Reacting to News of Redundancy

Posted August 9th, 2012

The news of redundancy – be it good, bad or indifferent – will hail a change and a new beginning.  It will bring a fresh phase in life, welcome or otherwise, and whatever a person’s situation, it is important for them to ‘look after number 1’ at what can be challenging time.

In the very early stages of dealing with the news of redundancy, there are some useful and constructive points to consider that will help ensure we protect our emotional well-being, whether redundancy is voluntary or compulsory.
This investment in ourselves will pay dividends; it will stand us in good stead for the time ahead and show that redundancy does not have to be the end of the world.
To begin with, let’s explore the factors that influence our reactions to the news of redundancy.  A good understanding of these can keep us grounded, focused and in control.  This in turn, allows us to begin to look at our personal situation in a structured and managed way.
How we react to the news that our job is redundant will very much depend on our personal and financial circumstances.  What sorts of thing might this include?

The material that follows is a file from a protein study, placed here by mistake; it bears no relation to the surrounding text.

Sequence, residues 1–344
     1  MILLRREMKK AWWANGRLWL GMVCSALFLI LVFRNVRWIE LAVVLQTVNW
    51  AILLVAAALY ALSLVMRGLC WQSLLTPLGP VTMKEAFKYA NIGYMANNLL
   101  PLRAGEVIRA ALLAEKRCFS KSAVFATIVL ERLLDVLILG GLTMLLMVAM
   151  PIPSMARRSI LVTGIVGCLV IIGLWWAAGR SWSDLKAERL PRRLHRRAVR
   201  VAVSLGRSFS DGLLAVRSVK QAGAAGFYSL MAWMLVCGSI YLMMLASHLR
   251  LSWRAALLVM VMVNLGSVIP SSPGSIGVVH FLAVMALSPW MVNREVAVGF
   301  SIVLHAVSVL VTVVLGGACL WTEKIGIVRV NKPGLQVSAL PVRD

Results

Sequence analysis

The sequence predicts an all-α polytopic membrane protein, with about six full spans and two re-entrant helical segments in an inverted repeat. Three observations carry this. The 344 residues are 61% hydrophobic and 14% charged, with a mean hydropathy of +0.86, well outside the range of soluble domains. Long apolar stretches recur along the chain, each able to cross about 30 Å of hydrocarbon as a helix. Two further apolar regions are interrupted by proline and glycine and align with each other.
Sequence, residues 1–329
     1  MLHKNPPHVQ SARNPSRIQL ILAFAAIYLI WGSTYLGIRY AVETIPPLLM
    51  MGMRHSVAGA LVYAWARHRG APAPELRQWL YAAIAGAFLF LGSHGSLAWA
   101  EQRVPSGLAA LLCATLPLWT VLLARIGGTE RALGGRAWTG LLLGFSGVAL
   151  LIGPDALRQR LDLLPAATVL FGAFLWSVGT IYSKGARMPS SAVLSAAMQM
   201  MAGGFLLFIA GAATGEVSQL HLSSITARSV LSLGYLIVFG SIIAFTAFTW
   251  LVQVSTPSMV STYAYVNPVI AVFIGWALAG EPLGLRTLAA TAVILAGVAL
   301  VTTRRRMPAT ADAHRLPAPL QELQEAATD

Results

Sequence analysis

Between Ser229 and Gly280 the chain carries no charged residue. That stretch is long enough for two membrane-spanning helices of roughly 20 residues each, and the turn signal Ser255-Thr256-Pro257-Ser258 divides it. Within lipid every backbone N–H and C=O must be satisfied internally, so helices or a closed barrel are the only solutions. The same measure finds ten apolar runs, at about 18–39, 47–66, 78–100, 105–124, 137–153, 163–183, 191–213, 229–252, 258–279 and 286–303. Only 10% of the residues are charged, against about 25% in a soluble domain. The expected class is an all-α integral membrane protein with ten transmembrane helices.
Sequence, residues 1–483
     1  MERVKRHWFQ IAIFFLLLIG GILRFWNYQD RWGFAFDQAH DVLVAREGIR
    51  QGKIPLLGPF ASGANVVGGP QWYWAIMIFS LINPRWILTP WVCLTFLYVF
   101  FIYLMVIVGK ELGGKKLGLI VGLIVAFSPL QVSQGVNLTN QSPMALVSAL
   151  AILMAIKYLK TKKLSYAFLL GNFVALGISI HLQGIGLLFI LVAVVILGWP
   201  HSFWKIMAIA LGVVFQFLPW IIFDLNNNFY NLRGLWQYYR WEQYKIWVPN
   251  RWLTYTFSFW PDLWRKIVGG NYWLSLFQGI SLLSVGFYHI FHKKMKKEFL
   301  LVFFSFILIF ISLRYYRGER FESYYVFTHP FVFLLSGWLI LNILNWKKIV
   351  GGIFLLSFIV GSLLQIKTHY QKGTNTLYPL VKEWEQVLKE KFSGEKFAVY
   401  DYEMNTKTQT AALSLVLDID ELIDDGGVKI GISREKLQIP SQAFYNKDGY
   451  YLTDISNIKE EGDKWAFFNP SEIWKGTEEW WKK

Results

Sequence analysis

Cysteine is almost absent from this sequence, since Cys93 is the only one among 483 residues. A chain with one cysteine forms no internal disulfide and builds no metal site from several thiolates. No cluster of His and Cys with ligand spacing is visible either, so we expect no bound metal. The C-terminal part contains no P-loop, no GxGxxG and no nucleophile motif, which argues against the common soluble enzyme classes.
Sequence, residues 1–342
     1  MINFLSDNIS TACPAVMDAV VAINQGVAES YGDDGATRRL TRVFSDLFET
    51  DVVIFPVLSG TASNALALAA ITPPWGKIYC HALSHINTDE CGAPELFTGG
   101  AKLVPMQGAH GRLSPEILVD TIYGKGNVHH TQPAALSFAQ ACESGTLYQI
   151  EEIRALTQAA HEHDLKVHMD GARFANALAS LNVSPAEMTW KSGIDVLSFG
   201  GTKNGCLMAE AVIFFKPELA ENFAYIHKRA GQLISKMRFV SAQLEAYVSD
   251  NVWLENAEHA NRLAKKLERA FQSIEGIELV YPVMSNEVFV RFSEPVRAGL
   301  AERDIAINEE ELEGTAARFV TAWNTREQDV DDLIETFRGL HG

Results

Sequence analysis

Factors affecting us include our:
  • age
  • marital or relationship status / situation
  • dependents – whether children, elderly or other relatives
  • outgoings / financial responsibilities
  • savings / pension provision
  • skills
  • industry / sector
  • career
  • opportunity for severance or statutory pay
  • insurance arrangements.
As we said above, having a good understanding of the factors that influence our reactions can help keep us grounded, focused and in control and allow us to look at our situation in a structured and managed way.
These are external ‘tangible’ factors; it’s important to consider too some of the internal ‘emotional’ factors that will affect how we react to the news of redundancy.
These could include:
  • our pride / ego
  • the extent of our emotional investment in the organisation
  • our levels of confidence and self-esteem.
Taking account of the emotional factors helps to ‘normalise’ our reaction to redundancy. It enables us to see that we are not reacting unreasonably or unusually.  This in turn helps us to rationalise things, steady ourselves and begin to focus on the path ahead.
So to re-cap then, the point of starting off with a look at what influences our reactions to the news of redundancy is to improve self-awareness and thereby give us some grounding that will allow us to ‘see the wood for the trees’.

This article is a very small extract from the Trainer Bubble training course materials for, ‘Dealing with Redundancy’, which you can purchase from the Trainer Bubble website.

The ‘Dealing with Redundancy’ training course materials provide organisations with the opportunity to provide an effective post redundancy support mechanism for their staff. It will provide them with practical guidance on coping with redundancy as well as giving them clear guidance on how to progress to their next role or opportunity.


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